Rising Appalachia has certainly put their mark on Appalachian Folk Music. They have curated these traditional folk roots with other musical cultures that span the globe. Their ambitious creativity, exceptional musical craftsmanship, and highly independent personalities has yielded them world wide appeal and massive respect in the music industry. They march to the beat of their own drums. Sisters Leah Song and Chloe Smith are adventure seekers within their music - they listen to and absorb life as they travel around this great big blue sphere and apply what they’ve learned with enchanting personal qualities through song. Poetic and innovative the sisters are always moving in different musical directions keeping their minds and audiences entertained and excited.
Leah and Chloe have worked with musicians from all over the world and this collaboration of cultures has been fruitful to their sound. Their musical influences are front and center both live and on recordings. They have diverse appeal that extends to many music fans. Combining traditional folk arrangements with soul, hip hop, southern gospel and jazz, Leah and Chloe have extended an open invitation to the world, both lyrically and musically. With seven studio albums recorded since 2005 including countless tours dates and festivals they are always innovative, positive and inspiring. It’s always a joy to witness their joy on stage and their energy fills any room or field with excitement and possibility.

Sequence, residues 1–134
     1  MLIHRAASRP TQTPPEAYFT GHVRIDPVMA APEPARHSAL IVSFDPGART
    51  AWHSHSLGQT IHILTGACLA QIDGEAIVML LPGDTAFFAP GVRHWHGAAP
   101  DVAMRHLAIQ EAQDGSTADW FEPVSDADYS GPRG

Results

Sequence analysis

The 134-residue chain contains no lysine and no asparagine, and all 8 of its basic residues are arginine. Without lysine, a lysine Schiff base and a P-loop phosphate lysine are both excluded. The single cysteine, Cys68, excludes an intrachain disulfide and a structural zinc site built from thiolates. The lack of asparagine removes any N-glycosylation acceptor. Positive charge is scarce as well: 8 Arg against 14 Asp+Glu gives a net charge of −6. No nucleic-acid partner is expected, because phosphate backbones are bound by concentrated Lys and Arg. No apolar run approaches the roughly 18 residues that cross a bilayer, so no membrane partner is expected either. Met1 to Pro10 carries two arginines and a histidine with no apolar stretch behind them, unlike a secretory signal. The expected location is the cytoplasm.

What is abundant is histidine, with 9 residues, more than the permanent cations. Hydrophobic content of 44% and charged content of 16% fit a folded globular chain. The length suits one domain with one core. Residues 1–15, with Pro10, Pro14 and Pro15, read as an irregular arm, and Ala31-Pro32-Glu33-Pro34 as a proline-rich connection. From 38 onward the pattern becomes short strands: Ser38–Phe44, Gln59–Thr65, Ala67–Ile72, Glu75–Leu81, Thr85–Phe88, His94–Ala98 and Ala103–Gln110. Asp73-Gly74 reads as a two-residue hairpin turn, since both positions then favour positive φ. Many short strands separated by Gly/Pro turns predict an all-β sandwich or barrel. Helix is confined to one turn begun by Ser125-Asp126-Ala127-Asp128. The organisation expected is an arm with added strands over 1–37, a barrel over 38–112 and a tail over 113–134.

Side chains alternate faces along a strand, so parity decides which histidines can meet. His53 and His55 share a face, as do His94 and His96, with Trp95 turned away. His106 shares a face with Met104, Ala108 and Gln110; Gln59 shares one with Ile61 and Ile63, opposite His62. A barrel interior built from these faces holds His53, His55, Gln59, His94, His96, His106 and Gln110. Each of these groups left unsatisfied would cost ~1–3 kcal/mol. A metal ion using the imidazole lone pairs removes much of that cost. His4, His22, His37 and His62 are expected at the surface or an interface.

Most recently the band released their sixth studio album “Leylines” in 2019 and “The Lost Mystic Of Being In The Know” their seventh album in 2021. Both of these albums have been reviewed by several heavy hitters in the music industry including Paste and Relix magazine. The song Harmonize from the Leylines album was released early as a video and featured by Rolling Stone magazine. Both of these albums have been described as intoxicatingly abstract and the best musical experience you will have this year.
Grateful Web talked with Biko Casini, percussionist of Rising Appalachia, before the show and here’s what he had to say:
GW: Are you playing music on this current tour that spans the whole career of the band or are you focusing on more current compositions?